by Dimitry Anastakis
Projects evolve. And if you take long enough to get them done, they can evolve in weird and wonderful ways, ways that ultimately result in something much better than what was first envisioned.
Or so I hope.
I say this because I have been wrestling with/working on/procrastinating over/thinking about my project on the Bricklin and its meaning for a long time; really, on and off for nearly a decade. At this stage of the project—and I have actually published some of my work on Bricklin, most notably in this journal –some might see this as a bad thing, or a reflection of my inability to “finish the job.” But this form of procrastination is actually more of a choice of project priorities, one which has resulted in a whole new way of thinking about Bricklin. In this sense, the benefits of procrastination (or, at least, shifting priorities that allow one more time to think about something), may in fact be a very good thing, indeed. Again, so I hope.
Let me explain: My interest in the Bricklin, a car built in New Brunswick in the early 1970s, stemmed from a project that was published in 2013, Autonomous State: The Struggle for a Canadian Car Industry from OPEC to Free Trade. I had done quite a bit of research on Bricklin as part of this project, and realized that Bricklin was more than enough for a fascinating stand-alone project. After fighting my way through the New Brunswick archives, scouring the Detroit Public Library’s holdings, and re-examining anything in the LAC on Bricklin, I had completed virtually all of the archival work for the project. But I needed interviews to be done (I did one with Malcolm Bricklin in New York City in 2013; quite an experience and probably worthy of its own blogpost), including a number of former workers at the plant, and some government people. I stopped for a bit to catch my breath.
That’s when other projects got in the way. I was asked to do a text book based on my second year Canadian history survey at Trent, then another post-1945 reader. Along with various other tasks, Bricklin got put aside (or “back-burnered” as I would explain to people who were always giving me excellent yet guilt-inducing leads on the project—thank you David F. and Gwen D.!). Aside from bits and pieces presented or published here and there, it sat. My guilt mounted.
But at the same time, as I was working on these other projects, my thinking about how I conceptualized Bricklin evolved. As an economic and business historian, one who is interested in political economy and, in the case of the auto industry, the development of the sector from that perspective, I had originally had a vision of what the project would look like: It was to be a business history of the Bricklin firm, and how the firm navigated and interacted with broader issues, such as the state and the market, that shaped its ultimate demise. I gave a few presentations which addressed the question of Bricklin as a case of business failure, or how Malcolm Bricklin was a certain type of entrepreneur. This was pretty straight-up business/economic history. My Acadiensis article, for example was concerned with “industrial modernity,” and thinking about Bricklin as an example of regional/state industrial development and economic evolution.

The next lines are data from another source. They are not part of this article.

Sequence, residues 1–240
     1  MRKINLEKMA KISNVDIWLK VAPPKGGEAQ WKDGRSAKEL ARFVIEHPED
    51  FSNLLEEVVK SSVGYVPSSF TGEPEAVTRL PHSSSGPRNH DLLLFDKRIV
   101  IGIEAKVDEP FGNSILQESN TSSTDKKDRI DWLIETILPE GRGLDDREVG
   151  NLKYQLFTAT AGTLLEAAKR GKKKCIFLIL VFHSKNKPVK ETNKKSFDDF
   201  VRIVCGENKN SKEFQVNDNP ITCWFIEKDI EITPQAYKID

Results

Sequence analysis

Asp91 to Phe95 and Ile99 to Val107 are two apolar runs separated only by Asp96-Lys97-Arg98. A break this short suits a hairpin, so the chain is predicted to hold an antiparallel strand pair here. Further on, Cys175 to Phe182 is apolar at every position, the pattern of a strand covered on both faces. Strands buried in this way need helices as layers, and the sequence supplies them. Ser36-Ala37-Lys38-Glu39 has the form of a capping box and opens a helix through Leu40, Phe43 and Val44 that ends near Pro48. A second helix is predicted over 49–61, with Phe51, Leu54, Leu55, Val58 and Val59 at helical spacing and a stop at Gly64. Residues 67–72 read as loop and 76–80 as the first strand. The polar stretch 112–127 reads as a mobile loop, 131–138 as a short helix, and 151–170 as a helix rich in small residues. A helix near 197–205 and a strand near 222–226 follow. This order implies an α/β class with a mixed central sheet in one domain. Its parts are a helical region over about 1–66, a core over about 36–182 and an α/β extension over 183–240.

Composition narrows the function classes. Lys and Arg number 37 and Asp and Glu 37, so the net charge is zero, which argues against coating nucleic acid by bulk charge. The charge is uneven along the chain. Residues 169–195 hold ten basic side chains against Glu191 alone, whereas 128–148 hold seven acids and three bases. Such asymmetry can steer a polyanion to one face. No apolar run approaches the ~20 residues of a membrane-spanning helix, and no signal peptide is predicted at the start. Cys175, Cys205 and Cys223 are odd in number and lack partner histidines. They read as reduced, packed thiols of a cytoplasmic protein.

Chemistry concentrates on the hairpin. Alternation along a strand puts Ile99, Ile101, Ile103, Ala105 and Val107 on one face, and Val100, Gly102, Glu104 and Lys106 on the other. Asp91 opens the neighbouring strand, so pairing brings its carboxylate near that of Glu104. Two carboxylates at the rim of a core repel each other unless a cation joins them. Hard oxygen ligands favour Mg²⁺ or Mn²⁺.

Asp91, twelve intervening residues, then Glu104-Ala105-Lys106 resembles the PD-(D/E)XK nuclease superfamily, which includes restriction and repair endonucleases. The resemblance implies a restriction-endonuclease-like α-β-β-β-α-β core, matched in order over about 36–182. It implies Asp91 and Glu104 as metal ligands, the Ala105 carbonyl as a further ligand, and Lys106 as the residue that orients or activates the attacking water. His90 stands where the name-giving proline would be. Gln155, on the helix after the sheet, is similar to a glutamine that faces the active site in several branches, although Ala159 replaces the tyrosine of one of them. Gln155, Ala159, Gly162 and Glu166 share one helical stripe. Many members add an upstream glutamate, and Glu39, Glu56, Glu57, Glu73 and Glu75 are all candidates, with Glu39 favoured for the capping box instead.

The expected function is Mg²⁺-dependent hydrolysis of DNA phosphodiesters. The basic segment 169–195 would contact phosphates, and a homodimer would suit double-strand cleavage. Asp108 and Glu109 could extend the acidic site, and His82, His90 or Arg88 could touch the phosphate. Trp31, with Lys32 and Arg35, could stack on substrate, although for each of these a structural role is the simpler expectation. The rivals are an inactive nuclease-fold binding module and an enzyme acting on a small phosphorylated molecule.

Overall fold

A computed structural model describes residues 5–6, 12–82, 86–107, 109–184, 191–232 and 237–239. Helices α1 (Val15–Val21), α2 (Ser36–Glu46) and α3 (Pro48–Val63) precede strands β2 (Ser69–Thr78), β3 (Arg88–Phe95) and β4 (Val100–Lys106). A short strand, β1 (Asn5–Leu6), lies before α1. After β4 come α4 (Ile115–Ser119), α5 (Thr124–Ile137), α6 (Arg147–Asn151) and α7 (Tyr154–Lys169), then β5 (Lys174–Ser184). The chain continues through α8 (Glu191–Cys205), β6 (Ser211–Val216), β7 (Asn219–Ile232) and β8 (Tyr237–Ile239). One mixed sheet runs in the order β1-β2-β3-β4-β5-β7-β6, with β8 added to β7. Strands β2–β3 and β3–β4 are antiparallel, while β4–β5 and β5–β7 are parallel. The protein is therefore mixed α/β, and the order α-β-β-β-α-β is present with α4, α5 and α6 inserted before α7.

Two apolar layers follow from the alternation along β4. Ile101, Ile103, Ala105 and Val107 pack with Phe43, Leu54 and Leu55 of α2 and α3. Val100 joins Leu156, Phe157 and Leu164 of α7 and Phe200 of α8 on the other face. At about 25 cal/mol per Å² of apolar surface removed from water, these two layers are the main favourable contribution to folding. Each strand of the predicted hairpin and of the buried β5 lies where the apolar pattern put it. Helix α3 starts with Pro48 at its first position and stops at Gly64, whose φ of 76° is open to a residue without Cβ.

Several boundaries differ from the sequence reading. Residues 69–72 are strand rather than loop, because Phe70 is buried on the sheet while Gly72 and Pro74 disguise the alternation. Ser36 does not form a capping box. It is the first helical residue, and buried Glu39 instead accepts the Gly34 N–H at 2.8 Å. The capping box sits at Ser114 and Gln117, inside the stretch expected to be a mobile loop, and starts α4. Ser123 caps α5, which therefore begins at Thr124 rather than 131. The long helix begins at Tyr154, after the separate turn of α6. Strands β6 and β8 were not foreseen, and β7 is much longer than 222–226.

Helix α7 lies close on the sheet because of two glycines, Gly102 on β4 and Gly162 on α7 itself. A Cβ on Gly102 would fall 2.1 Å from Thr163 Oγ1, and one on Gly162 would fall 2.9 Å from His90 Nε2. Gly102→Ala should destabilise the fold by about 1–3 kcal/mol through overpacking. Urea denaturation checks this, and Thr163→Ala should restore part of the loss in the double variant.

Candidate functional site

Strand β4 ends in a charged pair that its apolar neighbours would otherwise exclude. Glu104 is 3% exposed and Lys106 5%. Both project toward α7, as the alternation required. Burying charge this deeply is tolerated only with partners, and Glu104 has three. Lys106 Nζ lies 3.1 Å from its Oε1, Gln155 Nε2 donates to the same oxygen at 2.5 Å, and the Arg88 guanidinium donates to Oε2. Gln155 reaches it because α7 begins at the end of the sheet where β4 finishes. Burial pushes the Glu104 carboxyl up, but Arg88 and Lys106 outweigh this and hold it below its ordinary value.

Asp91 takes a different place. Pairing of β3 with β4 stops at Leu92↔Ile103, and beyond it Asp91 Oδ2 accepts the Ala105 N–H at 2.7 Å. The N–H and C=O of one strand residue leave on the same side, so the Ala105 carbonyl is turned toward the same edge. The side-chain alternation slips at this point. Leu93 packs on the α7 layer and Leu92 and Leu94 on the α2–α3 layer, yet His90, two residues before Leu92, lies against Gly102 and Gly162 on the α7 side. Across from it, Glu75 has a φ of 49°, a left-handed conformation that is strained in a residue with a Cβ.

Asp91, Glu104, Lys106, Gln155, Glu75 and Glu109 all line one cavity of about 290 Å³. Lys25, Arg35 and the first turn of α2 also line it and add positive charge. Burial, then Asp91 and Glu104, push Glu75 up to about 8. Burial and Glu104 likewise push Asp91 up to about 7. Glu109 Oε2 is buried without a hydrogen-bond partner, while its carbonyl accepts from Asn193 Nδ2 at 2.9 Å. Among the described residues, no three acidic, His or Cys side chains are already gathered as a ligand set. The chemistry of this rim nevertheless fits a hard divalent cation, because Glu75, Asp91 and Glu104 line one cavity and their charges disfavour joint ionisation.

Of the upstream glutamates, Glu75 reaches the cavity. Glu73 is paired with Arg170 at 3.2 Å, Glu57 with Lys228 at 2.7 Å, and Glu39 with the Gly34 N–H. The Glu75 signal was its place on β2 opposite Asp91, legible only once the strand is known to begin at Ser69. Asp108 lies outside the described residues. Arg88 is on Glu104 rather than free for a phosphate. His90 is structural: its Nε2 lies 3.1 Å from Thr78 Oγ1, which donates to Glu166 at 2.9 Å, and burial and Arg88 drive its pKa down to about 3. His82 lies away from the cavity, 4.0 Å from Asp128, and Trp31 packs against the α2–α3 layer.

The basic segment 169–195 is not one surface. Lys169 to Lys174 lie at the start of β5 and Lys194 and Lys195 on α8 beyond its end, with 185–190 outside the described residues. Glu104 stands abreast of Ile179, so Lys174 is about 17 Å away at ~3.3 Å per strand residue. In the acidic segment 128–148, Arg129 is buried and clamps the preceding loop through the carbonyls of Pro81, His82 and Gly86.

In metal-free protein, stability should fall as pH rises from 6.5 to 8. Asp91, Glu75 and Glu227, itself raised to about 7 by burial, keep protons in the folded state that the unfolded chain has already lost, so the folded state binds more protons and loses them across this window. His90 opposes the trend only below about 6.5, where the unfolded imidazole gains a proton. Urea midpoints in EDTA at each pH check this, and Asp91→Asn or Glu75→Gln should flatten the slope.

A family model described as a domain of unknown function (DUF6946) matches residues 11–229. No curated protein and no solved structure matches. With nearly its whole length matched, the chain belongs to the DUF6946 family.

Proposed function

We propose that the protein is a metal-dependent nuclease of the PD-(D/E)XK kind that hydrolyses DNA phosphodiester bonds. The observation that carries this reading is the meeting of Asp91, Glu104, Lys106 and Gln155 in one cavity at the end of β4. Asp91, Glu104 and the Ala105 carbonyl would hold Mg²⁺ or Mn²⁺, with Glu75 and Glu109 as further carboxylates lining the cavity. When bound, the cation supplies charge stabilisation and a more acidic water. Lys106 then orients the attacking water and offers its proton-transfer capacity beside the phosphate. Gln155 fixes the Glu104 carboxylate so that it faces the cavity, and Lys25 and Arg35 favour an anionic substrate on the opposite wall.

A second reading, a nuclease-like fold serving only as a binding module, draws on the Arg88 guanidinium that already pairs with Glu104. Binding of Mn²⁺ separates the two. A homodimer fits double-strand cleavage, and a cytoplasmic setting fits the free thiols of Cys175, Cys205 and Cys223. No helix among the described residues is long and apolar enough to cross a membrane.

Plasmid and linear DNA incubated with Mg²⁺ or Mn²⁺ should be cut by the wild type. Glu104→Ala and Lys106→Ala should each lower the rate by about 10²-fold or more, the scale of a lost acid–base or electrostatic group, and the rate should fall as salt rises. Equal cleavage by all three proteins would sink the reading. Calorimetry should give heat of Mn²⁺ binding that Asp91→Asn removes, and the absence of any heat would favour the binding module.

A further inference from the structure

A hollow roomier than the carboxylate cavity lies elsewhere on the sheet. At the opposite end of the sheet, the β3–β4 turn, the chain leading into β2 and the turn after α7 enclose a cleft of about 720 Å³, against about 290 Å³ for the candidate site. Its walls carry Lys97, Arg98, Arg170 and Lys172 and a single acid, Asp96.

The funny thing was, Bricklin was far too interesting to be cast solely in such a light. This was a venture that was also very much caught up in the zeitgeist of its period. Here was a story of sexy cars, plastic, showmanship, baby boomers and economic busts. It had scandal, cross-border fame, and Bricklin had even birthed a (very good) musical. Focusing my energies solely on how Bricklin’s corporate organization reflected a Chandlerian model of the M-division, or how Bricklin fared in the pantheon of automotive entrepreneurial archetypes wasn’t really all that inspirational or interesting on some level.
Meanwhile, as I worked on other projects, especially the textbooks, my thinking about New Brunswick, about postwar Canada and its economic, political and cultural relationship with the United States, about broader international events and about the emergence of globalization, kept forcing me back to Bricklin, and the connections between this little car company and grander themes.
In fact, the more I thought about it, the more I realize(d) that Bricklin really was and is a vehicle (pun intended) for us to better understand the 1970s, and that decade’s important role in shifting from a postwar, baby-boomer prosperity to a neoliberal world. How could one obscurely famous/famously obscure story about what is considered one of the world’s worst cars have such deep meaning? What can Bricklin tell us about cultural change, economic change, politics and power? What does this story say about the financialization of our economy, deindustrialization, the nature of fame and showmanship?
Well, you’ll just have to wait to find out. At some point, hopefully.
There, that was really therapeutic. Now, back to work.
Dimitry Anastakis’ most recent book is Death in the Peaceable Kingdom: Canadian History Since 1867 through Murder, Execution, Assassination, and Suicide (Toronto: University of Toronto Press, 2015). He teaches Canadian history at Trent University.